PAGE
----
Sodium channel NaV1.5 underlies cardiac excitability and conduction. The last 3 residues of NaV1.5 (Ser-Ile-Val) constitute a PDZ domain–binding motif that interacts with PDZ proteins such as syntrophins and SAP97 at different locations within the cardiomyocyte, thus defining distinct pools of NaV1.5 multiprotein complexes. Here, we explored the in vivo and clinical impact of this motif through characterization of mutant mice and genetic screening of patients.Methods and Results—
To investigate in vivo the regulatory role of this motif, we generated knock-in mice lacking the SIV domain (ΔSIV). ΔSIV mice displayed reduced NaV1.5 expression and sodium current (INa), specifically at the lateral myocyte membrane, whereas NaV1.5 expression and INa at the intercalated disks were unaffected. Optical mapping of ΔSIV hearts revealed that ventricular conduction velocity was preferentially decreased in the transversal direction to myocardial fiber orientation, leading to increased anisotropy of ventricular conduction. Internalization of wild-type and ΔSIV channels was unchanged in HEK293 cells. However, the proteasome inhibitor MG132 rescued ΔSIV INa, suggesting that the SIV motif is important for regulation of NaV1.5 degradation. A missense mutation within the SIV motif (p.V2016M) was identified in a patient with Brugada syndrome. The mutation decreased NaV1.5 cell surface expression and INa when expressed in HEK293 cells.Conclusions—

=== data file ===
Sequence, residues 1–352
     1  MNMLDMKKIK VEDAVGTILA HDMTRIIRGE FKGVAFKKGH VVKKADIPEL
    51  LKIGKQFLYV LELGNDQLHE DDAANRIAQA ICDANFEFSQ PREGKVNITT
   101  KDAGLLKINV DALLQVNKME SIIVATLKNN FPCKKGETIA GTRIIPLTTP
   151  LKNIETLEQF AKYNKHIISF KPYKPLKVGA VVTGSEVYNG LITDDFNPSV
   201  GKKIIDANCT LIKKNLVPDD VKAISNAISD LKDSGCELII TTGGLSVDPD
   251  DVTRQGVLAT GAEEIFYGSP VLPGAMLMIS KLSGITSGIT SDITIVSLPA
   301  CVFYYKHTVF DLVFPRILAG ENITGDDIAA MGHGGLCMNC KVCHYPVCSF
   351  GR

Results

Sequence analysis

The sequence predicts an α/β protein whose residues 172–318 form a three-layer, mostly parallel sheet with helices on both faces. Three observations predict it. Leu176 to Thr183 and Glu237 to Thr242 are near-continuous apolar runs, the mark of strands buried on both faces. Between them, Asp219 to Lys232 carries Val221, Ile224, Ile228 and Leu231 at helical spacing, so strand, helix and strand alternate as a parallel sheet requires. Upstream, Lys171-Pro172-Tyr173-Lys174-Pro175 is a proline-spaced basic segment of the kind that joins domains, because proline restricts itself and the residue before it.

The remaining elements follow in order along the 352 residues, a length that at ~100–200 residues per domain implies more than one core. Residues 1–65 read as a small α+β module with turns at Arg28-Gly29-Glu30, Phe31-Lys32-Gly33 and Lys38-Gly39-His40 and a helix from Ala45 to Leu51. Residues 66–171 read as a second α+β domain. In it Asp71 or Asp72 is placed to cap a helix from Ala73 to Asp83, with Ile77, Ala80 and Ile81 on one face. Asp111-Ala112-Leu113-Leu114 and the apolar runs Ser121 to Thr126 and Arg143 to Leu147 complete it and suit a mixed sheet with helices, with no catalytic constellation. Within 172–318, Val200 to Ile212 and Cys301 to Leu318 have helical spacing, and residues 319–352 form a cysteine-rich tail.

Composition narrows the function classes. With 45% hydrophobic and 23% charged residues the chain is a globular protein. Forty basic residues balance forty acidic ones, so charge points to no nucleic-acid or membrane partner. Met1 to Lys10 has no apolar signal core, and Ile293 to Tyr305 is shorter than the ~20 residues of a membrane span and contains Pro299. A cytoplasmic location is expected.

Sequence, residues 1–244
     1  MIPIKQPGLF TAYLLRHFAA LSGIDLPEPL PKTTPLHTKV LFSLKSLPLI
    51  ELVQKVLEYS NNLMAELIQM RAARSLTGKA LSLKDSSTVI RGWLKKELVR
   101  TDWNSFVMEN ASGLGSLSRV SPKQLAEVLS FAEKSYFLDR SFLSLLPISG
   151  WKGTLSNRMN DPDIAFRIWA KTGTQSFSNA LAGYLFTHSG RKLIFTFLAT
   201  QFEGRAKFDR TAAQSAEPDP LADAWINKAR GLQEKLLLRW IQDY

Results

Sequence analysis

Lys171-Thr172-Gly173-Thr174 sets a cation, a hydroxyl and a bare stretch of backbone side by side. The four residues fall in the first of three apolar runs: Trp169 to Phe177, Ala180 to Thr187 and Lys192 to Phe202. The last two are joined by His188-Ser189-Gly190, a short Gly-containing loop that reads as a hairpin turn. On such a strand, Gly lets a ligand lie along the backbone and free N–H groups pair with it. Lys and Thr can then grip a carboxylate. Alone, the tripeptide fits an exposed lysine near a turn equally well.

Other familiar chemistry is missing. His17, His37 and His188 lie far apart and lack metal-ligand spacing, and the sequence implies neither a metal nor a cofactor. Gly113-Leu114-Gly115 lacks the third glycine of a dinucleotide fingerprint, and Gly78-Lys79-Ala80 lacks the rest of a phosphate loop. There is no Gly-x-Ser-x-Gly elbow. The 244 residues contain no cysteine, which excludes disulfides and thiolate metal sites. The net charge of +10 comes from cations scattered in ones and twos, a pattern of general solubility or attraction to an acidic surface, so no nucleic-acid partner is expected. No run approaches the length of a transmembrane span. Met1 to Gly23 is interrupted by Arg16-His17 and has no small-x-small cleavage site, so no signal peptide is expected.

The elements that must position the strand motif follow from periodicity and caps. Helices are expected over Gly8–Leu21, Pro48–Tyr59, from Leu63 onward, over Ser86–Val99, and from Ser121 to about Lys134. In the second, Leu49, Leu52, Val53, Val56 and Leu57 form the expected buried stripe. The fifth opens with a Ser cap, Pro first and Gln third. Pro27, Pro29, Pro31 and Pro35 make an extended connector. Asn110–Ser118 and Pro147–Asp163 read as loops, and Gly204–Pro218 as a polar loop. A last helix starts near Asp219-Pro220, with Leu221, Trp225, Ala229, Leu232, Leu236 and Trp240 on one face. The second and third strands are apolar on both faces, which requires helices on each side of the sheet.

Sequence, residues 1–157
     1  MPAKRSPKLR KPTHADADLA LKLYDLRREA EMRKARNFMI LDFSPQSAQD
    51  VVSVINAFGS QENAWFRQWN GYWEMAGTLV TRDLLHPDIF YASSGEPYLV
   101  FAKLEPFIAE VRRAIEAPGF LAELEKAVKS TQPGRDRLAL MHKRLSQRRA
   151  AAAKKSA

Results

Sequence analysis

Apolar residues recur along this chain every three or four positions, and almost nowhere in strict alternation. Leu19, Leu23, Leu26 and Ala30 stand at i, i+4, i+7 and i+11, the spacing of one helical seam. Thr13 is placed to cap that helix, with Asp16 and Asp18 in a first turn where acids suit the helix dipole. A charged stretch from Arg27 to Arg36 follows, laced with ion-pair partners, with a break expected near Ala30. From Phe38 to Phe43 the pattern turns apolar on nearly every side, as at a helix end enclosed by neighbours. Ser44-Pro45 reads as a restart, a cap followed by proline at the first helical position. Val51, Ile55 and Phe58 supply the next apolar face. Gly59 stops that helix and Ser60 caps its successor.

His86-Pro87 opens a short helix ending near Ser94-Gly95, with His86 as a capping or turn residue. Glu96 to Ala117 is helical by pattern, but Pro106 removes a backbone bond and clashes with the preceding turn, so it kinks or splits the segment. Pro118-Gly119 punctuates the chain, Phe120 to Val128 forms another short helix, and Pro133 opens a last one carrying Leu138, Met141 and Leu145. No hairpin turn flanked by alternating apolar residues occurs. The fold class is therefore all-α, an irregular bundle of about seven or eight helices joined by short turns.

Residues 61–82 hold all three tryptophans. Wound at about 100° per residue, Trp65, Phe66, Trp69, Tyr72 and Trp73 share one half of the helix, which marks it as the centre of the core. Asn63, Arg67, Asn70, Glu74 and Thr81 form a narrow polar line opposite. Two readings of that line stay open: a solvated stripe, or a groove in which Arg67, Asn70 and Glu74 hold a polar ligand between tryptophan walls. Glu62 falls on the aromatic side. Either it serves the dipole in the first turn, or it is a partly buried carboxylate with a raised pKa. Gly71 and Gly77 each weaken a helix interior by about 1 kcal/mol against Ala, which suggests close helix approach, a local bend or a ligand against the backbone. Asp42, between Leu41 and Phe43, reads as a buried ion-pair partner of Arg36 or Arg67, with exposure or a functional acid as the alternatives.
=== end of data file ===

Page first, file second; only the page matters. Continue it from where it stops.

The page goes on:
Our results demonstrate the in vivo significance of the PDZ domain–binding motif in the correct expression of NaV1.5 at the lateral cardiomyocyte membrane and underline the functional role of lateral NaV1.5 in ventricular conduction. Furthermore, we reveal a clinical relevance of the SIV motif in cardiac disease.